Chandigarh, Jul 20: Haryana has heightened the crackdown against illegal sex determination tests to reverse the negative image caused by its skewed gender ratio. This has meant a strict check on ultrasound machines but the authorities are now grappling with the new menace of hand-held ultrasound machines.
Health and Food and Drug Administration (FDA) authorities in the state say that the increasing misuse of portable ultrasound machines is making their task more difficult. These machines, some of which can even be easily put inside a jacket pocket, are being illegally used for sex determination tests.
“The biggest challenge in PNDT (Pre-Natal Diagnostic Techniques Act) cases is the use of illegal and unregistered ultrasound machines. Recently, portable ultrasound machines have been recovered in the state, including some machines which could be carried in the pocket. There is need for a better information system for checking such cases,” Additional Chief Secretary and Principal Secretary (Health) Navraj Sandhu told IANS.
In February, the health authorities were informed that some people were using portable ultrasound machines, which were not registered with the health department, to clandestinely conduct sex determination tests. The racket was exposed after a woman was arrested in Bhiwani district.
“The portable ultrasound machines are a very dangerous trend. Most of these machines are Chinese-made. These are imported under licence by some firms and land up with the wrong people who indulge in sex determination tests,” a senior health department official told IANS.
The non-portable ultrasound machines cost Rs.30 lakh and more. The authorities have seized 42 portable ultrasound machines this year. They found that nearly 70 such machines had been imported and sold across the country in recent months.
Haryana is the worst among Indian states in the gender ratio, with 879 females for every 1,000 males. The national ratio improved to 943 in the 2011 Census against 933 females per 1,000 males in the 2001 Census.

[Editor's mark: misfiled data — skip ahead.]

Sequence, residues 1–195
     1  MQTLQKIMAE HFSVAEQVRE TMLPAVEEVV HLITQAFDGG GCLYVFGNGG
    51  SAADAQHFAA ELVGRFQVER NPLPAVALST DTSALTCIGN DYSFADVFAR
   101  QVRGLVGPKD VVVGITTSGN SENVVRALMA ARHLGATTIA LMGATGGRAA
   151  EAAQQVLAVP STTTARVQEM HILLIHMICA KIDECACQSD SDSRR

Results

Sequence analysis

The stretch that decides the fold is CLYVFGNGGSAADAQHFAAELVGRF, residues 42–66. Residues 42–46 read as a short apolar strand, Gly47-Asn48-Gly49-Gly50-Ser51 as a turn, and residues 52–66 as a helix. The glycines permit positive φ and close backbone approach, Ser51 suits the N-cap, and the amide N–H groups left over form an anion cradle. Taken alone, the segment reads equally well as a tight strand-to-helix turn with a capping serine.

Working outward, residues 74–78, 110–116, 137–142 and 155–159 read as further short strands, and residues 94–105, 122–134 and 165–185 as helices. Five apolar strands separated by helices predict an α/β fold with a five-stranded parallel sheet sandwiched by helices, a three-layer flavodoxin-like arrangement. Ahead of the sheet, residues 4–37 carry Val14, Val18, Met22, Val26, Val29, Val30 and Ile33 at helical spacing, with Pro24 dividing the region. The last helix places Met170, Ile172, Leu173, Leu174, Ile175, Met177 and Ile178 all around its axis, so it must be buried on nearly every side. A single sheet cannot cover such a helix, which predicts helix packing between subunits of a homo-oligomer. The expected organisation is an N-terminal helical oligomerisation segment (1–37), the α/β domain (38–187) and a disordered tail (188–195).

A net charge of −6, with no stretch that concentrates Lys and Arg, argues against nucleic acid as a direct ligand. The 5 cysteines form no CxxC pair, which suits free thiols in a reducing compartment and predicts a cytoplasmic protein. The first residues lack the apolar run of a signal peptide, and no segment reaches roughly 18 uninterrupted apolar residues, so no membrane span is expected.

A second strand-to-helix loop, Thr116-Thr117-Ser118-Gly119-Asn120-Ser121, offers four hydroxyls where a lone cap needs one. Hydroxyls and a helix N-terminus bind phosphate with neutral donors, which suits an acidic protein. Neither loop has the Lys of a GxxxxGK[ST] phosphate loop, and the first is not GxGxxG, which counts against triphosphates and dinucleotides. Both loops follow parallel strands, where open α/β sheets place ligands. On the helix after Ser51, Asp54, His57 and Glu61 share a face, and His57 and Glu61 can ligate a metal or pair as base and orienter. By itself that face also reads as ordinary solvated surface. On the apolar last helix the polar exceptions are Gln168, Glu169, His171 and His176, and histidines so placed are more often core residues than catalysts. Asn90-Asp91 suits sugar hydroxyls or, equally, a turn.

To encourage people to report illegal sex determination tests, the health department hiked the incentive by 150 percent this week. Informers will now get Rs.50,000 against Rs.20,000 earlier, Health minister Rao Narender Singh said. People in rural and urban areas go for illegal sex determination tests as most have a preference for boys.
“There has been considerable improvement in bringing to book the accused under the PNDT Act during the last one year. So far, 54 people have been convicted in 97 cases in the lower courts and 49 cases in upper courts. Of these, 33 were doctors. Similarly, during the last six years, eight accused, including five doctors, have been convicted,” a health department spokesman said.
The frequency of raids has been increased with the help of district administrations to deal with clinics indulging in the illegal practice. Special focus has been laid on Narnaul and Rewari areas in south Haryana. Earlier this year, health officials trapped a midwife who had carried out 500 illegal abortions in Jhajjar district. Officials estimate that about 40,000 unborn girls are killed in the womb annually in the state.